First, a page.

A cautionary tale about border crossing

Georgetown

 

By Caitlin Kelly

Horrifying story about Customs and Border Patrol from The Intercept:

In retrospect, I was naive about the kind of agency CBP has become in the Trump era. Though I’ve reported several magazine stories in Mexico, none have been about immigration. Of course, I knew these were the guys putting kids in cages, separating refugee children from their parents, and that Trump’s whole shtick is vilifying immigrants, leading to many sad and ugly scenes at the border, including the farcical deployment of U.S. troops. But I complacently assumed that wouldn’t affect me directly, least of all in Austin. Later, I did remember reading a report in February about CBP targeting journalists, activists, and lawyers for scrutiny at ports of entry south of California, but I had never had a problem before, not in a lifetime of crossing the Texas-Mexico border scores of times on foot, by car, by plane, in a canoe, even swimming. This was the first time CBP had ever pulled me aside….

Cooperation didn’t earn me any leniency. Next up was a thorough search of my suitcase, down to unscrewing the tops of my toiletries. That much I expected. But then a third officer, whose name was Villarreal, carefully read every page of my 2019 journal, including copious notes to self on work, relationships, friends, family, and all sorts of private reflections I had happened to write down. I told him, “Sir, I know there’s nothing I can do to stop you, but I want to tell you, as one human being to another, that you’re invading my privacy right now, and I don’t appreciate it.” Villarreal acknowledged the statement and went back to reading.

That was just the beginning. The real abuse of power was a warrantless search of my phone and laptop. This is the part that affects everyone, not just reporters and people who keep journals…

Around the three-hour mark, I became completely passive. Confinement in a blank room is a soft form of torture, especially if you suffer from a crippling caffeine addiction, as I do. They were “fresh out” when I demeaned myself by meekly requesting coffee. For a long time, I sat slumped in the chair with a mounting headache while Moncivias finished typing up his report on me. He would pause, carefully consult something on my phone, and then go back to typing. This went on for another hour.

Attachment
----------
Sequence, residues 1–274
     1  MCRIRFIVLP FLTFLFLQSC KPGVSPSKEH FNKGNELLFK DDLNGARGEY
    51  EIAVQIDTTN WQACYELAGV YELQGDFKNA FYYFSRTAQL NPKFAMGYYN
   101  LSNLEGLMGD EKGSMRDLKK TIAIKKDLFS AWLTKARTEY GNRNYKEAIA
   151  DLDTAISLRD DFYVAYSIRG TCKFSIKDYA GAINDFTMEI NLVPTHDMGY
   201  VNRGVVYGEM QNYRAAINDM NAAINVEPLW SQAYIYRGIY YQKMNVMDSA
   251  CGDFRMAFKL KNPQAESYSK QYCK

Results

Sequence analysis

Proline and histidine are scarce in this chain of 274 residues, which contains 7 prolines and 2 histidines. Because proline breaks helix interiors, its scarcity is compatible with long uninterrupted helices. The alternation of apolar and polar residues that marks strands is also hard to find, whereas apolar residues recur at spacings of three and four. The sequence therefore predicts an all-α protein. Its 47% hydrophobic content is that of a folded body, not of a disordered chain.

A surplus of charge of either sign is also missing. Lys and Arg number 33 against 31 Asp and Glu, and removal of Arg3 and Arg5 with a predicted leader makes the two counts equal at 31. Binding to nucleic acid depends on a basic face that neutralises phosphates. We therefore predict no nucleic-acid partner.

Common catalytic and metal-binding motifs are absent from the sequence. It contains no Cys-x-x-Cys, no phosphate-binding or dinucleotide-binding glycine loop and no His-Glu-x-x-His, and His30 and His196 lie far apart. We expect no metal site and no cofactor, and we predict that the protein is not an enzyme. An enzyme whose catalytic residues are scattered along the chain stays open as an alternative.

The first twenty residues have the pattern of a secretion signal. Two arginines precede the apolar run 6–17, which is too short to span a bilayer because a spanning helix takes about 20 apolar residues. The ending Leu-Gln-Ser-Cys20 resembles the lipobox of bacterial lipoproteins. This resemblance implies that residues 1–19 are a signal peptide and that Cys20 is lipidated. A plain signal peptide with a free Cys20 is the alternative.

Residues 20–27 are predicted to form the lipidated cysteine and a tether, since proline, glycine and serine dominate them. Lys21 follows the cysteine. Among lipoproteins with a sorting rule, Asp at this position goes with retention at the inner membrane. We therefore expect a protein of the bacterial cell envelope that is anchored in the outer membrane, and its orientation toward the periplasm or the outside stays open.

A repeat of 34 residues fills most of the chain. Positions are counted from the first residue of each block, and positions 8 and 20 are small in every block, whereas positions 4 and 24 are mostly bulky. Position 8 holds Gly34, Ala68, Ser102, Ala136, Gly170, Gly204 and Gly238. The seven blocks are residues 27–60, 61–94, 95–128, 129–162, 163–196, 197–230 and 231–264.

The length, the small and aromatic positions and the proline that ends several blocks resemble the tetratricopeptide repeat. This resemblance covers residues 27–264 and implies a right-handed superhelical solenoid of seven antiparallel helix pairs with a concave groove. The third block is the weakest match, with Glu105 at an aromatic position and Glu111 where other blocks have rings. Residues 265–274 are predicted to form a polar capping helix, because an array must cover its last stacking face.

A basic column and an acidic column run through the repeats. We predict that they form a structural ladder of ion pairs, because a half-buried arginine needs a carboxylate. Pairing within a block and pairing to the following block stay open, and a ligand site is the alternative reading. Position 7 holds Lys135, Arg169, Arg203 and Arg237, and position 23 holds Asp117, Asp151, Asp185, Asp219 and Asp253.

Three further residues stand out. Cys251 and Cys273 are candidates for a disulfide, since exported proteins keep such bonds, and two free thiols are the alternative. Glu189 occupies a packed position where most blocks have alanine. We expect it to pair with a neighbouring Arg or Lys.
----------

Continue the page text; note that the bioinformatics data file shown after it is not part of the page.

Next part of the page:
It was around 4 p.m. when Moncivias finally finished up and informed me, anticlimactically, that I was free to go. I couldn’t wait to get outside because the detention area was freezing. No wonder Spanish-speaking migrants call CBP detention la hielera — the icebox. I took my phone and laptop and silently packed up my luggage, which still lay disemboweled on the desk, underwear and all. Pomeroy was gone by this time. As I was walking out, I said to Moncivias and Villarreal, “It’s funny, of all the countries I’ve been to, the border guards have never treated me worse than here, in the one country I’m a citizen of, in the town where I was born.”

“Welcome back to the USA,” Moncivias said.

 

If you care about press freedom — hell, any civil rights — make time to read all of Seth Harp’s story.

It is chilling.

No laughing matter

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Want to write for one of these? Good luck, kids!

 

By Caitlin Kelly

Hey, what’s more fun than punching down?

Apparently, nothing, thanks to the appalling lack of judgment by executives at Netflix who have ordered eight episodes of a TV series to — wait for it — “prank” job-seekers.

You know, like yanking away the cat toy just as it pounces.

Gaten Matarazzo, a child actor starring in Stranger Things and way too many commercials, signed up for this steaming pile of garbage.

A reaction from Inc.com :

You know him as one of the kids dealing with the Upside Down on Netflix’s Stranger Things, but if you see him coming now–you should be the one to run. Gaten Matarazzo is producing and starring in a new prank show, Prank Encounters, and Netflix just ordered eight episodes. Deadline describes it as follows:

Each episode of this terrifying and hilarious prank show takes two complete strangers who each think they’re starting their first day at a new job. It’s business as usual until their paths collide and these part-time jobs turn into full-time nightmares.

Do you know what I have to say to this? No, no, no, and no.